When I was in residency, there was one resident who used to always buy Christmas gifts for all the attendings. Of course, we all thought he was a kiss up scumbag for doing it. I mean, who buys Christmas presents for all the attendings besides a kiss up scumbag?
I'd like to believe that the attendings all saw through his behavior, but I'm not so sure. Everybody likes getting presents, right?
As a full-fledged physician, I somehow find myself in a similar dilemma. I have a boss that I really like, but I don't get him a Christmas present because none of his other employees do. I mean, there are a lot of other people at work that I really like and I don't get them Christmas presents. Frankly, I feel like if I got a present for one person, it would go down some horrible road of "well, if I get a present for this person, then I must get a present for this other person" and so forth. And as much as some people enjoy getting presents, it's a much worse feeling to get left out of present giving. So I don't buy presents for anyone at work because I would inevitably manage to leave somebody out and hurt their feelings.
So essentially, if I got a present for my boss, I would only be getting a present for him because he's my boss.
And that would make me a kiss up scumbag, right?
at my job we take ethics training that says, in a nutshell, don't buy any presents for your boss. (actual nitty gritty details say there are specific occasions where it is appropriate to buy gifts and dictate how much you can spend. Christmas isn't one of the special occasions)ReplyDelete
Gift giving can become a morass. No wonder companies need rules. In my world, gifting depends on reporting levels. If you give your direct reports gifts (or just do something like a luncheon for them), some of them may feel obligated to express gratitude with a small gift even if you make it clear they shouldn't do it. I have also occasionally been guilty of being a kiss-up scumbag for giving a boss a gift because I really liked the boss and was grateful he continued to employ me. (I accept the appellation of kiss-up scumbag because I see that it could make other people who didn't gift the boss look bad. But it doesn't make me feel bad enough to stop doing it when I want to.)ReplyDelete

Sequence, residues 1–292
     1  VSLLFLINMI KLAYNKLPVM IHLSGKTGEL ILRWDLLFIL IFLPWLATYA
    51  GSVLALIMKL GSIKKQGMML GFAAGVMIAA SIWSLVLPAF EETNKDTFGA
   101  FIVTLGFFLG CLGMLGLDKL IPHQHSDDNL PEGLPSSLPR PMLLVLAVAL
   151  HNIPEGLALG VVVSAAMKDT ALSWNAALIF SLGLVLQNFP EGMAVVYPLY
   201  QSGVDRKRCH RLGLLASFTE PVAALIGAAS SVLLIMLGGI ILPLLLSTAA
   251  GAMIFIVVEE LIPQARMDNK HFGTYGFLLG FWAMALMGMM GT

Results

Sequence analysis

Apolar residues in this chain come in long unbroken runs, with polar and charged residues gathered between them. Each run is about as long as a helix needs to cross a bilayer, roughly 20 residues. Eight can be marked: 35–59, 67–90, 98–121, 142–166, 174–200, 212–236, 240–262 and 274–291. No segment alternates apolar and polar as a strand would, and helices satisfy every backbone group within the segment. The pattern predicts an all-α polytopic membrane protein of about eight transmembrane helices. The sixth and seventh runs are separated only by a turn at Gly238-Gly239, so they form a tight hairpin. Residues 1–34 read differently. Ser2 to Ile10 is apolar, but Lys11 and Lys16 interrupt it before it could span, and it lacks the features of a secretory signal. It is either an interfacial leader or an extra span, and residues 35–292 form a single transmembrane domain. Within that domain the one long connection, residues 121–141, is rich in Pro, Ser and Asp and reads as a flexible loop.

I believe "fair" only applies to how you treat those below you, not those at your level and above. It doesn't upset me when co-workers exchange gifts but leave me out. Nor should it. But yes, you can't give some of your direct reports something and not others. That would definitely make you a scumbag.
When I was a Med Student in Inner City Detroit a Female Med Student (who was KNOWN as a kiss up scumbag and who was rumored to have been MORE than kissing the Dean of my Foreign med school) brought little gifts to the Nurses and workers in Psych (soap on a rope perfume, etc) I came home and told my Father who was VERY concerned that I was falling short on the brown nosing front and that it was Mom's fault that I had not had a job prior to being a third year med student) though HE didn't think of it either until I told him what the Girl was doing. One of two male wiseguy med students everyone KNEW buttered up the higher ups the other when I asked him said "NO WAY!!" which was BS. I found out years later the BOTH gave HUNDREDS worth of gifts to our "Sergeant" who was a PITA Podiatrits.Delete
For a boss from an underling, I feel like a thank you note or email is more appropriate than a gift.ReplyDelete
However, no one but you can know or sense all the nuances of the relationship. So maybe if you feel the desire to give a gift to your boss, you should follow your instincts rather than trying to put a damper on them.
And honestly, how much do you really care what opinions his other staff have about your gift? Or can you do it privately so no one else knows? Imo,is none of their business. (I'm not intending this snotty towards them, more just matter of factly.)
That's what I was thinking...ReplyDelete
It is so so sad that we have allowed our workplace relationships to be held to this ridiculous hubristic standard; give if you want, find a way. Perhaps that person gave to the attendees because he truly wanted to with no evil in his heart.ReplyDelete
I work in corporate. That world has so many unwritten rules, hidden signs and meanings, etc; it can be overwhelming when trying to be human!! Just give if you feel you should, and stop caring so much if others will think negatively of you. Our culture, our nation, is dying because of that.
By the way, kudos for what you do; I applaud you for choosing a career that helps heal and restore. I hope one day, to do the same.